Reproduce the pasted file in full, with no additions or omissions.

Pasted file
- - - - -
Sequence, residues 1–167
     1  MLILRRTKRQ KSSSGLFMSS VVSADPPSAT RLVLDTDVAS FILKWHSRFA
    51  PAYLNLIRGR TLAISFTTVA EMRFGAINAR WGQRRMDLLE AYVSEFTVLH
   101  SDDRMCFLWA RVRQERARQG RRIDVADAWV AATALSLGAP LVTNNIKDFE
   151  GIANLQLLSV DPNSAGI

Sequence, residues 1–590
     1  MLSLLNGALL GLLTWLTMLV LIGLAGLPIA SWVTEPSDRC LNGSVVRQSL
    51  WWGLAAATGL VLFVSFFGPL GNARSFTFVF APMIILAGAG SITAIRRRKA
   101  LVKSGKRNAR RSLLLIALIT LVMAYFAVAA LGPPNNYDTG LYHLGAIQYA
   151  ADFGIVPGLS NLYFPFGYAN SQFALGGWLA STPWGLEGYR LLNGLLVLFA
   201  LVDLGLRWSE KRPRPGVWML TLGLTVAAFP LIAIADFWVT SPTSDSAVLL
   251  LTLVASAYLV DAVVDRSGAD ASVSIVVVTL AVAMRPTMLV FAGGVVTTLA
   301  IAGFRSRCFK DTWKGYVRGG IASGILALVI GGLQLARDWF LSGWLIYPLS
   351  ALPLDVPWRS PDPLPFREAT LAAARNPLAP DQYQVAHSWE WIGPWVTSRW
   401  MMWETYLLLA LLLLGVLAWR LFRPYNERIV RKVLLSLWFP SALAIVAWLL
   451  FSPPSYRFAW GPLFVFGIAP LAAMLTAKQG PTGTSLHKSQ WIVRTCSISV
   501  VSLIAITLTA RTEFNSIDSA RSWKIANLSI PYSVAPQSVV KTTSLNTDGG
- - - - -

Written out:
Sequence, residues 1–167
     1  MLILRRTKRQ KSSSGLFMSS VVSADPPSAT RLVLDTDVAS FILKWHSRFA
    51  PAYLNLIRGR TLAISFTTVA EMRFGAINAR WGQRRMDLLE AYVSEFTVLH
   101  SDDRMCFLWA RVRQERARQG RRIDVADAWV AATALSLGAP LVTNNIKDFE
   151  GIANLQLLSV DPNSAGI

Sequence, residues 1–590
     1  MLSLLNGALL GLLTWLTMLV LIGLAGLPIA SWVTEPSDRC LNGSVVRQSL
    51  WWGLAAATGL VLFVSFFGPL GNARSFTFVF APMIILAGAG SITAIRRRKA
   101  LVKSGKRNAR RSLLLIALIT LVMAYFAVAA LGPPNNYDTG LYHLGAIQYA
   151  ADFGIVPGLS NLYFPFGYAN SQFALGGWLA STPWGLEGYR LLNGLLVLFA
   201  LVDLGLRWSE KRPRPGVWML TLGLTVAAFP LIAIADFWVT SPTSDSAVLL
   251  LTLVASAYLV DAVVDRSGAD ASVSIVVVTL AVAMRPTMLV FAGGVVTTLA
   301  IAGFRSRCFK DTWKGYVRGG IASGILALVI GGLQLARDWF LSGWLIYPLS
   351  ALPLDVPWRS PDPLPFREAT LAAARNPLAP DQYQVAHSWE WIGPWVTSRW
   401  MMWETYLLLA LLLLGVLAWR LFRPYNERIV RKVLLSLWFP SALAIVAWLL
   451  FSPPSYRFAW GPLFVFGIAP LAAMLTAKQG PTGTSLHKSQ WIVRTCSISV
   501  VSLIAITLTA RTEFNSIDSA RSWKIANLSI PYSVAPQSVV KTTSLNTDGG